Frédéric Boutet: The Bargain (complete)
On the fifth floor, at an old, forbidding door that made her wish only to leave, rang a young visitor, frail in her worn dress, her black hat…her heart beating.
“Is he there? I want to speak to him.” She whispered this to the fat aproned woman who’d opened to her.
“Child, is it you again? But you know he doesn’t want to see you.”
“Yes, yes, but I have only one thing to say. My husband is making his rounds, so I’ve come myself…”
“Is it your chit?” The fat woman let her into the narrow foyer. “Come, what good is that? He’ll say no, just no.”
“But my husband is going to have work. We’ll pay so much by the month… Think, it’s only 350 francs he’s lent us, and the cost has become 865 from renewals and fees… The bailiff will arrest us tomorrow if we can’t pay at least half. Where would we get a sum like that? It’s mad. While so much per month… My husband will surely find work. You must tell him, explain to him…”
The large woman drew back. “Me? Me say something! Child, are you tipsy?”
She threw a look behind her, at a closed door, and said, lower: “But me, I’m like you. My story is the same. He loaned me a hundred francs when mine, who’s gone, had his attack, and worse, he stitched me along and doubled it. Since I’m his neighbor across the landing, he would take me on as housekeeper… Twelve sous an hour for all I do! All the rest is interest, so he says. He sleeps there at the back, and the wall of his bedroom is attached to mine, so…what else?…when he wants anything in the night, he raps and I send my eldest, Victor.”
The visitor, caught up in her anguish, could not listen.
“I don’t care. I want to see him. I’ll tell him…”
“You’ll tell him nothing. You know it yourself, he’s not a man, he’s granite. You can’t miss what’s right here in this neighborhood to be seen…what he’ll take and sell. Even if it’s his loss. I’ve seen them all pass by here, old and young, men and women, everyone come crying to him… And the young things, fresh as daisies, whose parents send them with ideas, you know? Oh, they’re done over well enough, the girls and the criers, both. Worse, no joke, he’s been sick for three days…”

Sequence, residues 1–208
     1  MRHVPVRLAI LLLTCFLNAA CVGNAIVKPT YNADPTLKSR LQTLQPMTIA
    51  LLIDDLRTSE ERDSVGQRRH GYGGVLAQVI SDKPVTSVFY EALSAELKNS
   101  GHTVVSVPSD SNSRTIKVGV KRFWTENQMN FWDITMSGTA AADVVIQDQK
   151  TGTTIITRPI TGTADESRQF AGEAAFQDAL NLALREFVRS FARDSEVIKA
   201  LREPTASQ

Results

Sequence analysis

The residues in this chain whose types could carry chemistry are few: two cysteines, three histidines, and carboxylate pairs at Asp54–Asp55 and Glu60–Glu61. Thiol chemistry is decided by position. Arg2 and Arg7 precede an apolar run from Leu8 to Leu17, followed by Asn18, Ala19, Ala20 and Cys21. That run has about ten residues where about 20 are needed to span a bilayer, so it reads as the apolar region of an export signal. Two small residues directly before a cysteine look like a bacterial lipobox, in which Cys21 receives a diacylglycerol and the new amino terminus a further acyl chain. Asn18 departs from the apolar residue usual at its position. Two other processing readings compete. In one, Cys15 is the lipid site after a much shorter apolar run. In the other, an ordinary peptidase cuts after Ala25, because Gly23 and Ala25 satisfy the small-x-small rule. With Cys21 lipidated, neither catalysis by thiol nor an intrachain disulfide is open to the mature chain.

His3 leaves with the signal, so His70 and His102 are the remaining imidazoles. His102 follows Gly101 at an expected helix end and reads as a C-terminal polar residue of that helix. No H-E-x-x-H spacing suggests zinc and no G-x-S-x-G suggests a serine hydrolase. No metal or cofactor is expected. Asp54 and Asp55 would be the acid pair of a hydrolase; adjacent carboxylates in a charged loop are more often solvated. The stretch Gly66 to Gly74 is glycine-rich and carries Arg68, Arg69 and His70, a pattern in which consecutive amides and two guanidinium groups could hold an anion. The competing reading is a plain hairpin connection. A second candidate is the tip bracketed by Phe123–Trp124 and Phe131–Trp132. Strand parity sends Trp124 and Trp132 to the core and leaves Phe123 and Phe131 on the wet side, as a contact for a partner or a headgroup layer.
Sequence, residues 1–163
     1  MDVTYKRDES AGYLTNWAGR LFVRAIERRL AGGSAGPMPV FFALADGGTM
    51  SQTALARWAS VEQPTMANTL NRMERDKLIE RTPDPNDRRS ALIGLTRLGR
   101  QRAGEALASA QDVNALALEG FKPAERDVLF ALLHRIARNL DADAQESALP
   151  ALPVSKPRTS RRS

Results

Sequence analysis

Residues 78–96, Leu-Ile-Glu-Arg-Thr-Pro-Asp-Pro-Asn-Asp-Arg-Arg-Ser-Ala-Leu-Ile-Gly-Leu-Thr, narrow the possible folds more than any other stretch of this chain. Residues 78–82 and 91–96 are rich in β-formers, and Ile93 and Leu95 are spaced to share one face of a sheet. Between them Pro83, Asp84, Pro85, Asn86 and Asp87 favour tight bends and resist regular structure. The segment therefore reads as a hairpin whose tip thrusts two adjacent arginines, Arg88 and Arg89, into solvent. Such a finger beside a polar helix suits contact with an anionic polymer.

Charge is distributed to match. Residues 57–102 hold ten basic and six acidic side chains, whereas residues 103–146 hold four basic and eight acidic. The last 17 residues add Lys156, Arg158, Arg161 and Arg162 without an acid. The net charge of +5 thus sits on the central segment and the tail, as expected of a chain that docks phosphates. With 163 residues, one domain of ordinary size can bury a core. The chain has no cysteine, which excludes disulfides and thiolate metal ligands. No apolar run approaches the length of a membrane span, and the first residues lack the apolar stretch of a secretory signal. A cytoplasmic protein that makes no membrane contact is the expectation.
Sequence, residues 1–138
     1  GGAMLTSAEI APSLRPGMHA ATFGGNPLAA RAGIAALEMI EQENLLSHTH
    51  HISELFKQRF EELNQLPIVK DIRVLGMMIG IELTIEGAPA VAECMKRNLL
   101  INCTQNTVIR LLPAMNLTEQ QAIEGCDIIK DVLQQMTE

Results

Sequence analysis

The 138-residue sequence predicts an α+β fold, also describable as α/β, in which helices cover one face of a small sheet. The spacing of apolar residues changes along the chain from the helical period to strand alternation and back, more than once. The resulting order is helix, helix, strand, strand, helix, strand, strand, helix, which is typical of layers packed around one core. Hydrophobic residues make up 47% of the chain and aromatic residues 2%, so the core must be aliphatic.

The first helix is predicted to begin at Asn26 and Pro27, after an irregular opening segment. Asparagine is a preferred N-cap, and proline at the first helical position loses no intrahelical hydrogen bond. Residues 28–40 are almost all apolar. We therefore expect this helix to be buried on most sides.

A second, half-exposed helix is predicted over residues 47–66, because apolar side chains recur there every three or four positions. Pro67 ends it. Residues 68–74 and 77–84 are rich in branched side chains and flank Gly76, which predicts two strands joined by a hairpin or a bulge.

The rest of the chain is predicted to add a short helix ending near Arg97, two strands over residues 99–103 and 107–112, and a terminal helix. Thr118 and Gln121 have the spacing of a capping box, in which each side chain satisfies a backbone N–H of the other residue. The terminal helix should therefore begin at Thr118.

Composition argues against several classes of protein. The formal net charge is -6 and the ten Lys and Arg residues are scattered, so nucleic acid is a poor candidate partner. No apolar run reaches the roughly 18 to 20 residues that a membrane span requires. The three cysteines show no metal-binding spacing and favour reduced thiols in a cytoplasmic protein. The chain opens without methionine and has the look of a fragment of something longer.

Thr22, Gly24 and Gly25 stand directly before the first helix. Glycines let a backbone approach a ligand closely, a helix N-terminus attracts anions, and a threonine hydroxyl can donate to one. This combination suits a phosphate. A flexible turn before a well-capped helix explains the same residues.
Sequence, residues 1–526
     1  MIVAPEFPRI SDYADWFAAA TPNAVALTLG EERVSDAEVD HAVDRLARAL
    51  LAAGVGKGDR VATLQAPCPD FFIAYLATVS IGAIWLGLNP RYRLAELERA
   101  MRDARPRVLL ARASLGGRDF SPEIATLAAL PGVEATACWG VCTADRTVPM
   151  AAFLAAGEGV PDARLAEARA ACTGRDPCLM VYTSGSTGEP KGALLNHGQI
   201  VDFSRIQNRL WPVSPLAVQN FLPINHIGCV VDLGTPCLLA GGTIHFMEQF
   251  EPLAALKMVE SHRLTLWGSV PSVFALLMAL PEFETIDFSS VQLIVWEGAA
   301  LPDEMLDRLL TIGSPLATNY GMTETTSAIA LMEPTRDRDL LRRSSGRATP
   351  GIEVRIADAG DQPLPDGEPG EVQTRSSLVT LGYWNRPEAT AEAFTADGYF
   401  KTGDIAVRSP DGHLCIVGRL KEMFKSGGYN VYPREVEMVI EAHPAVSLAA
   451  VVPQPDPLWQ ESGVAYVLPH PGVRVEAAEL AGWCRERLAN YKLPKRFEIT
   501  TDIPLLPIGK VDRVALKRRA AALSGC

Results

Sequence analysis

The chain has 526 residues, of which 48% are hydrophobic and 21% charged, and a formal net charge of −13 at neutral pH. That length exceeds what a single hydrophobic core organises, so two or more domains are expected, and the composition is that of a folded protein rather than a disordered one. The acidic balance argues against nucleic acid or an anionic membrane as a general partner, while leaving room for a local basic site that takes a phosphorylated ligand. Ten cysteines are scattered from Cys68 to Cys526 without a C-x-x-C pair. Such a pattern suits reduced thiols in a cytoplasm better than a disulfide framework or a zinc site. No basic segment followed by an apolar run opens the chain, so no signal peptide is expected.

“What does he have, then? You say it because he doesn’t want to see me.”
“Not at all. It’s true he won’t see anyone, but also, he’s truly sick. Truth of truths! Maybe it’s his age, you know, he’s hardly a youngster. He tries to lift himself, he gasps, he eats a little… All the time I’m ready for him to die.”
“Really! But…if so…”
A light of joy brightened the young woman’s face, a hope she dared not wholly form. She was ashamed of it and blushed. But a voice surprised them both, making them jump.
“No! It’s not so. I am not dead yet. What you’d wished for, eh? So much for you!”
Tall, emaciated, naked under his white cotton nightshirt, that allowed them to see his chest and hairy legs, he propped himself on the frame of the door just opened. His grey beard frizzed, and his eyes blazed at them through his glasses.
“That’s how it is, eh? When they want my help, they cajole me, they plead with me, I am God. And when the bill comes due, I am less than a dog. What good riddance if I collapsed…! The debts, the bills, they’d float away into the blue. Never seen or heard of. Convenient! But it isn’t time…wait and see! If, after tomorrow before noon, I do not have the four hundred and thirty francs, I’ll sell you out, the two of you. That will teach you I’m not down yet. Now get out of my sight…I’ve had enough!”
Swaying on his trembling legs, he advanced towards the women. They fled, terrified, and the door of his room slammed shut at their backs.